Edited by Bechuga
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Go plastic is amazing for its total brilliant coherency in a blizzard of utter fucked up timeshifts, off-kilter melodies, brutal noisebursts and sheer chaoticness.

 

 

"My fucking sound" says it all quite literally, literally....

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Go plastic is amazing for its total brilliant coherency in a blizzard of utter fucked up timeshifts, off-kilter melodies, brutal noisebursts and sheer chaoticness.

 

 

"My fucking sound" says it all quite literally, literally....

 

That grandfather clock bass

 

drools*

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there is a video someone found of Squarepusher using cooledit pro 2.0 during the era of Go Plastic, which is pretty much exactly what I predicted he used to do a lot of the hyper editing and effects on Go Plastic. A lot of people claim he did all the effects entirely on an Eventide effects processor, which could also be true but he'd still have to stitch them all together to get those quick editing sounds (like a long reverb tail on one snare being abruptly cut off), hence a DAW wave editor. The sequencing and composition could have been done on hardware I guess. .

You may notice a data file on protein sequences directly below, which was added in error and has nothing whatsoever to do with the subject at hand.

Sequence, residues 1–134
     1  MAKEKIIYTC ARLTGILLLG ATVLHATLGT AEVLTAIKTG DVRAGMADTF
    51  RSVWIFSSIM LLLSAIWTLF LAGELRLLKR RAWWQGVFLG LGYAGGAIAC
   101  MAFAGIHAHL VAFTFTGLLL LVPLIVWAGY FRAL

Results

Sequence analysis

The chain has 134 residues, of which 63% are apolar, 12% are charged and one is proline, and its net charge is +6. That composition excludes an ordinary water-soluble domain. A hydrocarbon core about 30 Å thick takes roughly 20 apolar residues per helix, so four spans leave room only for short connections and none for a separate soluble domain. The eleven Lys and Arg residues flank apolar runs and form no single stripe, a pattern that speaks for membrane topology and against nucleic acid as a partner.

Edited by John Ehrlichman
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Despite this, Squarepusher claims that the album was not produced using a computer but rather by utilizing a range of hardware including the Eventide DSP4000 and Orville digital effects processors, BOSS DR-660 and Yamaha QY700 sequencers, Yamaha TX81Z and FS1R synthesizers, and an Akai S6000 sampler.

 

The source seems to be a "Rockin' On Magazine" 2004 issue interview, but the wiki link redirects to Squarepusher.net

 

that's all very plausible, but you can't stitch together tons of mini effects passes with an Akai S6000 unless you wanted to drive yourself completely mad, a computer DAW editing setup would speed up this process 10 fold. Imo the Daw/Cooledit or whatever wave editor he used is the entire crux of what makes go Plastic sound so goddam good. He could have also just used protools or something more typically found in a studio than Cooledit, but again there are videos of him using Cooledit pro 2.0. He also did a lot of DAW micro editing on Music for the Rotted One Note using what sound like similar methods

Edited by John Ehrlichman
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there is a video someone found of Squarepusher using cooledit pro 2.0 during the era of Go Plastic, which is pretty much exactly what I predicted he used to do a lot of the hyper editing and effects on Go Plastic. A lot of people claim he did all the effects entirely on an Eventide effects processor, which could also be true but he'd still have to stitch them all together to get those quick editing sounds (like a long reverb tail on one snare being abruptly cut off), hence a DAW wave editor. The sequencing and composition could have been done on hardware I guess. .

exactly my gripe. it almost seems impossible to be "stitched" together without the use of a DAW. lots of it sounds like it was composed in a tracker of some sort too.